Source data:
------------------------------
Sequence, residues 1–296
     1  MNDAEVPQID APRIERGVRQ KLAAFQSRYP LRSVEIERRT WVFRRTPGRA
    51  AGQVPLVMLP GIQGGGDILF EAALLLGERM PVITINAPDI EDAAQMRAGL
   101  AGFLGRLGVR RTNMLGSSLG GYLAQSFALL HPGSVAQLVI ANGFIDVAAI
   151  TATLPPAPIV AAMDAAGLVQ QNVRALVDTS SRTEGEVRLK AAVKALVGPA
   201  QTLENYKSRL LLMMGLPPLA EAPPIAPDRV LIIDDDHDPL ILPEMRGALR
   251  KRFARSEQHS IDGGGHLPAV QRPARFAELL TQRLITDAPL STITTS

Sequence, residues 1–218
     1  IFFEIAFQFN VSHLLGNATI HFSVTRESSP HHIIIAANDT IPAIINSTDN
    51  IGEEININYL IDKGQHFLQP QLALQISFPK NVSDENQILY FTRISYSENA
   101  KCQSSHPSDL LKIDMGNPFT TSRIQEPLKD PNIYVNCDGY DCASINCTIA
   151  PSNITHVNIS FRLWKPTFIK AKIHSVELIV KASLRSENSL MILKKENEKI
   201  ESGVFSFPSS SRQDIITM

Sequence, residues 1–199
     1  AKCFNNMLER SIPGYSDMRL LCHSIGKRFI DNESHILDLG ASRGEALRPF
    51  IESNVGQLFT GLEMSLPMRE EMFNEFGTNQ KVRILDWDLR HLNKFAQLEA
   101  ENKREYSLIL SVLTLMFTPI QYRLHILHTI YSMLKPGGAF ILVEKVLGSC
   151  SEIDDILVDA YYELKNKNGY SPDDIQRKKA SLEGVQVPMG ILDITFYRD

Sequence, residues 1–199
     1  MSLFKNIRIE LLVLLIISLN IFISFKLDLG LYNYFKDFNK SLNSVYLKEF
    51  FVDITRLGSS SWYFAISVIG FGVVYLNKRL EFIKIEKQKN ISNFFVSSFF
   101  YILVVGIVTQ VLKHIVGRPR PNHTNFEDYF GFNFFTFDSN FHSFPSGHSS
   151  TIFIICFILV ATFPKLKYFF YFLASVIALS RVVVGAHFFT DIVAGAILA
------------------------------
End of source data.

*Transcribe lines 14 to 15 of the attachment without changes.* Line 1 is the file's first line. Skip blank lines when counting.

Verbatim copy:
Sequence, residues 1–199
     1  AKCFNNMLER SIPGYSDMRL LCHSIGKRFI DNESHILDLG ASRGEALRPF